Coronavirus: 44 more cases on Diamond Princess cruise ship anchored off Japan
- There have now been 218 cases confirmed on the cruise ship, taking the total number of infections in Japan to 247
- There are now questions about whether the quarantine on the ship is working, with dozens of new cases diagnosed almost daily
Health Minister Katsunobu Kato said the 44 new cases were detected from another 221 new tests. They raise the number of infections detected on the Diamond Princess to 218, in addition to a quarantine officer who also tested positive for the virus.
Kato said authorities now want to move elderly people off the ship if they test negative for the virus, offering to put them in government-designated lodging.
“We wish to start the operation from tomorrow or later,” Kato told reporters. “On the ship, there are those of advanced age and with pre-existing conditions. There are also those who are having to stay in rooms with no windows until the incubation period finishes [on February 19].
“We will conduct ... tests for those who are high-risk and if they test negative, those who wish to disembark can go and live in a lodging facility that the government will prepare.”
Of the newly diagnosed infections, 43 are passengers, and one a member of the crew.
The Diamond Princess set off from Hong Kong on January 25 for a trip scheduled to end on February 4. Instead, it has been moored off Japan since February 3, after it emerged that a former passenger who disembarked in Hong Kong last month had tested positive for the virus now named Covid-19.
The ship was placed into quarantine soon afterwards and authorities have asked passengers and crew to remain on board until February 19.
Those who have tested positive for the new virus have been taken off the ship to medical facilities, but questions have been raised about whether the quarantine on the ship is working, with dozens of new cases diagnosed almost daily.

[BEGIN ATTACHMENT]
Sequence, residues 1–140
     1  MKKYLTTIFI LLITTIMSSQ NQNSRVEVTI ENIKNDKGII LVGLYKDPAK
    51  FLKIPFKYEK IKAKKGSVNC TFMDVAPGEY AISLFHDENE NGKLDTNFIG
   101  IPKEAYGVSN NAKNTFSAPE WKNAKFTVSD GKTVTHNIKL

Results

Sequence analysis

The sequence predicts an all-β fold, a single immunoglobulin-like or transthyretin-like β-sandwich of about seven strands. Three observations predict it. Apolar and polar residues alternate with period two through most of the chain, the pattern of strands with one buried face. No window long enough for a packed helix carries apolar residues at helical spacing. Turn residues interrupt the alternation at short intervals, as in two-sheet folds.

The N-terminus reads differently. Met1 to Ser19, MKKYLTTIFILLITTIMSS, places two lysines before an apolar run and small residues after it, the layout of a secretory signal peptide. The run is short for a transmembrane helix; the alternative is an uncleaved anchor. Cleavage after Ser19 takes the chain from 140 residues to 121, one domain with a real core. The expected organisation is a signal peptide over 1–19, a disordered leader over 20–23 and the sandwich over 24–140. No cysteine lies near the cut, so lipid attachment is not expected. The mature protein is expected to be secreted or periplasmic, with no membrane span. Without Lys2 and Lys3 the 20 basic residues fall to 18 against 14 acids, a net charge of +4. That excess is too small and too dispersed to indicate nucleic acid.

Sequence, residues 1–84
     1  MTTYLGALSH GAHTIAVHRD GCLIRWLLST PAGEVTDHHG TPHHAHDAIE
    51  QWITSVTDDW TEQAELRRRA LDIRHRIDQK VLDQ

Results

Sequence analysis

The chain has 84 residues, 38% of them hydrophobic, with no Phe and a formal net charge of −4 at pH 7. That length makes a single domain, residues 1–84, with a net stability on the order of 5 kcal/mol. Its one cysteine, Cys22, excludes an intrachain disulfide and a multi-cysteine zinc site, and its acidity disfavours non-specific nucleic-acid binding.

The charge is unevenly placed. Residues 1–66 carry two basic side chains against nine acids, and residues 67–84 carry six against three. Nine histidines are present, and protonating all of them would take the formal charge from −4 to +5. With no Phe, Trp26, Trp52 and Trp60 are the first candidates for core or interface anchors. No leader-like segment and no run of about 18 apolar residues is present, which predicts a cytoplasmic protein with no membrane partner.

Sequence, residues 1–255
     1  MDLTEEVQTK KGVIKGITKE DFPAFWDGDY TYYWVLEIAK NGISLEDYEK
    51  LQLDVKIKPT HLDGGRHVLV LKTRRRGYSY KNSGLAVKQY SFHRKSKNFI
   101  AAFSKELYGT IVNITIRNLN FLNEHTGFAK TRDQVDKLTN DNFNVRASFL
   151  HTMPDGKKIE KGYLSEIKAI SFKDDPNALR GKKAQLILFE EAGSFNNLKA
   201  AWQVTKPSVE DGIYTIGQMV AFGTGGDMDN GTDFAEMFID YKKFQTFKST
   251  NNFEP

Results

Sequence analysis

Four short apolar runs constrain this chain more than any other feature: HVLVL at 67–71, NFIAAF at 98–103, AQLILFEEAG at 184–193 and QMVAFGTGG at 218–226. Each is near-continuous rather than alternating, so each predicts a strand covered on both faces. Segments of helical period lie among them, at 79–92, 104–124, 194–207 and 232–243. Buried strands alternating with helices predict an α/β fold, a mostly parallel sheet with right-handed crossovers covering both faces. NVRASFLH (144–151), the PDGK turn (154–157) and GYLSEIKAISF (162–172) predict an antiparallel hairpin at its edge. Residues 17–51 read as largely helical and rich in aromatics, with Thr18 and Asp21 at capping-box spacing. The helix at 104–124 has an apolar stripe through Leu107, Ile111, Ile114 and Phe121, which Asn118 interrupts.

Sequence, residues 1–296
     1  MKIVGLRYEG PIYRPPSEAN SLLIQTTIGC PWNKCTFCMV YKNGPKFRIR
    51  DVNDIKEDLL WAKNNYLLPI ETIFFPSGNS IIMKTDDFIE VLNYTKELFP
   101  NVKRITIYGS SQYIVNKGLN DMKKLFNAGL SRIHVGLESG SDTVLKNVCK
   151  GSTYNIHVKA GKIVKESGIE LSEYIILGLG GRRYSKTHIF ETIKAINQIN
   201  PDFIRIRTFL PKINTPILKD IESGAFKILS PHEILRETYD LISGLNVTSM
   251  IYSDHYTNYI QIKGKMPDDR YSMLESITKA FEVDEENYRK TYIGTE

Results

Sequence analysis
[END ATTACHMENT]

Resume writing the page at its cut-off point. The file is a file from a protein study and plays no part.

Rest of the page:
“We are following guidance from the Japan Ministry of Health on plans for disembarkation protocols to provide medical care for these new cases,” Princess Cruises said in a statement provided by Negin Kamali, director of public relations.
Despite being taken off the Diamond Princess, 35-year-old Rebecca Frasure, from the US state of Oregon, remained frustrated.
After being diagnosed with the virus, she was initially taken to a hospital in Tokyo and put in a room accessible only by a sealed plastic chamber, then moved to single quarters. She said her symptoms were gone, though she had no idea when she might be allowed to leave.
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“The hospital staff are as much in the dark as I am,” she said. “No one can tell me how long I will be here or what needs to be done for me to be released.”
Despite Carnival’s strict measures, the virus may be spreading through the vessel’s close quarters – increasing the potential for passengers to contract it despite stopping it from reaching Japanese soil.
The infection of a quarantine official, announced separately on Wednesday, has caused more disquiet. The worker wore gloves and a mask and disinfected his hands regularly when he spent a day collecting health questionnaires and taking people’s temperatures on the ship February 3-4, according to Japan’s health ministry.
“The quarantine is working to keep the virus offshore – it’s obvious the quarantine is not working on the ship,” said Stanley Deresinski, a Stanford University professor of infectious disease and a specialist at a hospital connected to the school. “With these infection rates, it’s very likely that there’s ongoing transmission.”
Passengers are confined to cabins and required to wear masks and keep their distance from each other when they are allowed out for brief periods on open decks.
Internet connections have sometimes been unreliable but Matt Smith, a lawyer from California, said staff had provided more on-demand movies and added live TV channels to help passengers pass the time. He requested and received clean sheets but changed the bed himself after crew members dropped them at the door to avoid close contact.
“It’s almost like we’re on the ship alone except for the crew who bring us food and things and occasional voices from nearby balconies,” he said.
Some passengers have also posted updates on social media, many expressing support for the crew.
“Capt. just apologized for slow internet. Who in the hell is complaining about internet and food?! Why are we getting 9:30 am cookie service and evening soda? Please stop the waste and let the crew rest,” a passenger named only on her Twitter account as Shannon wrote.
Dozens of passengers have formed online communities to share information and pass the time.
On a video posted to Facebook, Sally Abel said: “You sit out on the balcony and you hear people coughing all the way along. It is nothing like a holiday, but it is complete relaxation.”
Additional reporting by Bloomberg, Tribune News Service, dpa